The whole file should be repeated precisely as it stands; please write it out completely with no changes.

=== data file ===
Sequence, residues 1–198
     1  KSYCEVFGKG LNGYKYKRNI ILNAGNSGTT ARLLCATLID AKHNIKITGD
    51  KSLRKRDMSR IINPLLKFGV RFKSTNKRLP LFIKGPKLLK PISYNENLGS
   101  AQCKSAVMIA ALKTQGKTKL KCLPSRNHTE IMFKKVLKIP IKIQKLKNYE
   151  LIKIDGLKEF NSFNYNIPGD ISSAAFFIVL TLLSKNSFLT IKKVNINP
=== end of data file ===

Sequence, residues 1–198
     1  KSYCEVFGKG LNGYKYKRNI ILNAGNSGTT ARLLCATLID AKHNIKITGD
    51  KSLRKRDMSR IINPLLKFGV RFKSTNKRLP LFIKGPKLLK PISYNENLGS
   101  AQCKSAVMIA ALKTQGKTKL KCLPSRNHTE IMFKKVLKIP IKIQKLKNYE
   151  LIKIDGLKEF NSFNYNIPGD ISSAAFFIVL TLLSKNSFLT IKKVNINP